For those unfamiliar with breast feeding beyond a year, it is commonly referred to as extended breastfeeding. The World Health Organization recommends "Exclusive breastfeeding up to 6 months of age, with continued breastfeeding along with appropriate complementary foods up to two years of age or beyond." There is no real number for when a child is ready to wean on their own, but it's generally going to be between 2 and 3 years old. 

Extended breastfeeding looks much different from the early days of nursing, but it is still very important for the toddler as well. We often see breastfeeding as purely nutritional—only nurse to feed the baby—but nursing is calming, centering, and soothing too. My child will nurse when he falls down, when he's having a tantrum, or when he is overwhelmed and just wants to be close. I am a centering figure for him to look towards to feel confident and independent and curious and adventurous. And I am blessed to be that. I know not everyone is able to breast feed, for various reasons, but if you can breast feed—do it! It is messy, it is frustrating, it is beautiful, and it is glorious. Now my child is finishing this journey. And all children do. I am so thankful that I’ve been able to wait until he is ready to wean on his own.

It is a hard journey to breast feed. It is one of the most tangible ways a mother gives of herself. It is giving your body up to nourish that precious baby who needs you to live. What a wonderful gift that is. An amazing thing to go body sustains life! I remember being pregnant and thinking "Yeah, sure I'll breastfeed. It's cheap - it's FREE." (If you know the penny-pincher I am, this shouldn't surprise you). I had no idea. I had no idea the power it would give me. The love it would trigger. The bond it held together. The sisterhood it created.

I could not have gone through this journey had it not been for the amazing women who came along side me, who told me it was okay to text them at 3am if I didn't know what to do (and I did text them!), who skyped me and watched me nurse and helped me position my baby in a more comfortable way to promote a better latch—the women who came over the week after his birth and listened to me cry because it hurt and because I didn't know if he was getting enough—and the women who told me it was okay to nurse as long as both my child and I wanted to. (Thank you. All of you. You know who you are).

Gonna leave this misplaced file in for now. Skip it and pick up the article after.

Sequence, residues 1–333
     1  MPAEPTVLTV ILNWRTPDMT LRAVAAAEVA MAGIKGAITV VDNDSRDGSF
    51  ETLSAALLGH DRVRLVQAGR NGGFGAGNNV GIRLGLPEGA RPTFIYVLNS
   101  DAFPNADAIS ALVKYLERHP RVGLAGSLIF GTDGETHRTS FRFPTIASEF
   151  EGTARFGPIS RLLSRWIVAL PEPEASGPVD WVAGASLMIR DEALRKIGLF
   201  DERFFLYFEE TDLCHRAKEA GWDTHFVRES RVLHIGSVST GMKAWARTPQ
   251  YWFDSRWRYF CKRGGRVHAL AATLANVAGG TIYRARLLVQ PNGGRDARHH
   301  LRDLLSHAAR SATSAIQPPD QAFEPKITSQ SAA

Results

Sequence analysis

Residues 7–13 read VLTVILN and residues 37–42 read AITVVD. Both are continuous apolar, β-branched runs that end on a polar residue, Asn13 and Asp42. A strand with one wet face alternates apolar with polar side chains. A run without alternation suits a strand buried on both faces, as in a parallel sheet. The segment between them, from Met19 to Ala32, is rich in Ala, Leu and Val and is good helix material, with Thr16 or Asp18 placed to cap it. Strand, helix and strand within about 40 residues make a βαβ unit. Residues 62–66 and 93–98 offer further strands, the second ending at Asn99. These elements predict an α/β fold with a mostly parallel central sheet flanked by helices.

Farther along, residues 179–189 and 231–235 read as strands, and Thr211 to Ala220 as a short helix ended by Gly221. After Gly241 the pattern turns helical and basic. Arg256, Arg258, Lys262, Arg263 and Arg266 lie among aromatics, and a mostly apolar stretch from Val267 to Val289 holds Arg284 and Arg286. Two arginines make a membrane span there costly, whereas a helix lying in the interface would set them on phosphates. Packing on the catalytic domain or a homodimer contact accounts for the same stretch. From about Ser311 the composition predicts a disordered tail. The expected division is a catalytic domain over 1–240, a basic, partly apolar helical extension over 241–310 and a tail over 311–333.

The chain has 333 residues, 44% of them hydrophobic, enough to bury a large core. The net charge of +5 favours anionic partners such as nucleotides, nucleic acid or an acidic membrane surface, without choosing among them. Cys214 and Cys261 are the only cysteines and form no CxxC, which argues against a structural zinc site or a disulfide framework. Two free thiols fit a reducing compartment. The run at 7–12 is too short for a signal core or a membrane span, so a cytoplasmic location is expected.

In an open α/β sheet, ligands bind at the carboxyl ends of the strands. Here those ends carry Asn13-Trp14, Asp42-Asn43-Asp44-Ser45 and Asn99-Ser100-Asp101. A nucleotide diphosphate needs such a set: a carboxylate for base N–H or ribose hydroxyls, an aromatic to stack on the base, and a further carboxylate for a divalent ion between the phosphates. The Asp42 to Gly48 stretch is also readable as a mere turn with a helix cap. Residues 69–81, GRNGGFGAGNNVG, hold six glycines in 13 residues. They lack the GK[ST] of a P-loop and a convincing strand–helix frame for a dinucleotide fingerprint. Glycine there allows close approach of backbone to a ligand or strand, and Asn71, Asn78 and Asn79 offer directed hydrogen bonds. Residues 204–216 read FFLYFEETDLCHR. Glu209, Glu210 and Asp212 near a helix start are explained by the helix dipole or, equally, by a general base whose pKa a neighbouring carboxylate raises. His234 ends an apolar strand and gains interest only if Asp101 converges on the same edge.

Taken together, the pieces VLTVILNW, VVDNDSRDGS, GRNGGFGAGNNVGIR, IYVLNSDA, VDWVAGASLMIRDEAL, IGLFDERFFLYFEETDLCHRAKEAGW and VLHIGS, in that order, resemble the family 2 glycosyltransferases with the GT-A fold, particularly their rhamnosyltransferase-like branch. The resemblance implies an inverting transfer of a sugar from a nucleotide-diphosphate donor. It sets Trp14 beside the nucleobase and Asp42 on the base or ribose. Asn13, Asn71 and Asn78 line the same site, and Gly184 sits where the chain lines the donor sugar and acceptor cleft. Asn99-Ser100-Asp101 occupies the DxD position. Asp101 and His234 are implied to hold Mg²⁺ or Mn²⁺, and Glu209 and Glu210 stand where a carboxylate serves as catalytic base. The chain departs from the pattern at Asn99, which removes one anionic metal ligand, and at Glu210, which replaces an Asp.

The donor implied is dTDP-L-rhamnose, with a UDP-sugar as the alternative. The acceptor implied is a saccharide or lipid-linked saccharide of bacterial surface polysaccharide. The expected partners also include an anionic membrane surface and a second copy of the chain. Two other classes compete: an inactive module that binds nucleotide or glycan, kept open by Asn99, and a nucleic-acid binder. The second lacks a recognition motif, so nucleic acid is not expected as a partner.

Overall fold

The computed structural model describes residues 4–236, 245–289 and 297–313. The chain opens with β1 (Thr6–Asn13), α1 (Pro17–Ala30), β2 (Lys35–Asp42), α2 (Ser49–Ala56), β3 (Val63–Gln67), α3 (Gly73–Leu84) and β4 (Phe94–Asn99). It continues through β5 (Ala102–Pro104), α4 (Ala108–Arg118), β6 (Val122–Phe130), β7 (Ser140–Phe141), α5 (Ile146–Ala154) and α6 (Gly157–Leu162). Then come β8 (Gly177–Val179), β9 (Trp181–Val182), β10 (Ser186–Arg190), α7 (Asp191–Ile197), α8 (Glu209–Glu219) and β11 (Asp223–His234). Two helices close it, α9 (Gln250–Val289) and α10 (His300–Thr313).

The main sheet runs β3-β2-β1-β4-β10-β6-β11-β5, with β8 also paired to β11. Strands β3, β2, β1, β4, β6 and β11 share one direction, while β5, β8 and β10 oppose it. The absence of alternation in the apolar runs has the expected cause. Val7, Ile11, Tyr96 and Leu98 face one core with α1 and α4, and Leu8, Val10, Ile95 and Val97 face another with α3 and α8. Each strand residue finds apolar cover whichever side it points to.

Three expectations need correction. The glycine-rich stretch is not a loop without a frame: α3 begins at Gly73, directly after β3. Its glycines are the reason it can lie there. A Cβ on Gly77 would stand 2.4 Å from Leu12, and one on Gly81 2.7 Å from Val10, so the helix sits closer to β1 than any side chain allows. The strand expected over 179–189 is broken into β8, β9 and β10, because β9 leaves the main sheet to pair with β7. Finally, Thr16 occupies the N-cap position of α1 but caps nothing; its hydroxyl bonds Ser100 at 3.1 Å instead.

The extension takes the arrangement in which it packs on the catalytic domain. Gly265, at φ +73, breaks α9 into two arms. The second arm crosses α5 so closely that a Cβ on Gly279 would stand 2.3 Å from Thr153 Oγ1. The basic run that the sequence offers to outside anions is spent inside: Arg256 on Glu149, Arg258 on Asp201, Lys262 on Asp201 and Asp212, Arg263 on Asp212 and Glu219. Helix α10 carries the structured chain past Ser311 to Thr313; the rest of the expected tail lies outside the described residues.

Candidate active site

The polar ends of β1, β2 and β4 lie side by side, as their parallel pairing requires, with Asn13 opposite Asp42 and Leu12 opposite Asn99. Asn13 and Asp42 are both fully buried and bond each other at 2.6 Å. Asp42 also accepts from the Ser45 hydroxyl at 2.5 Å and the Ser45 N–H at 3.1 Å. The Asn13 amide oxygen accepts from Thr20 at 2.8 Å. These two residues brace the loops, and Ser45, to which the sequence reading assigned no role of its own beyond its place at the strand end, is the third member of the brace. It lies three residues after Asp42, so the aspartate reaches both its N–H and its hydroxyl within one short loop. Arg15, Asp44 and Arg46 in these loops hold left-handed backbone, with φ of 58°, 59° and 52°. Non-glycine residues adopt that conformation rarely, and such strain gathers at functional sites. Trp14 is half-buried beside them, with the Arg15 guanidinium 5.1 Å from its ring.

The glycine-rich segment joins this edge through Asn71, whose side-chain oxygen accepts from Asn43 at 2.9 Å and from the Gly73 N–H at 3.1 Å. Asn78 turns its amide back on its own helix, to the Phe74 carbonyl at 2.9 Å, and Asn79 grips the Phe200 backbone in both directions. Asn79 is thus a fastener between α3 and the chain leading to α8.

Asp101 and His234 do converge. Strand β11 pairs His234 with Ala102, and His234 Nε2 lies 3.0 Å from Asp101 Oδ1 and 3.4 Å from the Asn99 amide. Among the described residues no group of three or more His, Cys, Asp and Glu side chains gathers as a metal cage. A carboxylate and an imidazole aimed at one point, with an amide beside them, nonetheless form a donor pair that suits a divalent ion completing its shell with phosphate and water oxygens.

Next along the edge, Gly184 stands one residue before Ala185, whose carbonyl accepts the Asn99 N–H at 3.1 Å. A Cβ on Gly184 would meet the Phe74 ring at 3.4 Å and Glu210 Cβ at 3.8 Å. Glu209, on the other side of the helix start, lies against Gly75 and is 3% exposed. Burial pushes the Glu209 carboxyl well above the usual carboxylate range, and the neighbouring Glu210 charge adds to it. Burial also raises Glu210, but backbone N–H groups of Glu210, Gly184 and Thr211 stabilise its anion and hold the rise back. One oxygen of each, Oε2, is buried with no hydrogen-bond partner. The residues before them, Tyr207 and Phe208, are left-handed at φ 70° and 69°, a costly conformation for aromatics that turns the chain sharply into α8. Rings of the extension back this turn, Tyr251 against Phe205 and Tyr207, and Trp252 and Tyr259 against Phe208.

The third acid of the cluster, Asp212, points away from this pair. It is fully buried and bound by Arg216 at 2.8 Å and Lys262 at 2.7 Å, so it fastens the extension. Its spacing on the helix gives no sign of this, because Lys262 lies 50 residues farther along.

A few weeks ago, on Christmas Day, my family was sitting around and singing (as we often do). My brother and Aunt and I started singing "Down to the River to Pray" and we began to sing the verse that says:

"O Mothers let's go down
Let's go down, come on down
O Mothers let's go down
Down to the river to pray"

Just as I started singing the words, my sweet baby came up to me and asked to nurse. I cradled him in my arms and sang these powerful words about mothers as I looked into the eyes of my child. Love overflowed in my heart and tears welled up in my eyes. Everything else faded away as I sang about mothers while participating in a part of motherhood that is as old as they come. That ancient practice that connects child and mother to one another. It was as if the voices of those women of the past enveloped me with love and courage, swirling around me, binding us all together in beautiful harmony.

That night I felt incredible joy as I reflected on my story of breast feeding and the community of women who surrounded me in love and wisdom. I have had a beautiful breast feeding journey. Everyone's journey is different. And this is mine. 

Just a few days old

Look at those eyes!
Look at dat latch! :O
One of my favorites - a candid shot
Beautiful Photoshoot I got to be apart of for Breastfeeding Awareness
taken by the amazing Kristy Powell
(Henry and I are on the far right)
Self Portrait for World Breast Feeding Week
All the laughs
My happy boy
Early morning hammock nursing - relaxing!
I call this "Selfies and Nursies"
More Selfies and Nursies
Most recent (and probably last) picture of Henry nursing
"I'll love you forever, I'll love you for always
As long as I'm living my baby you'll be"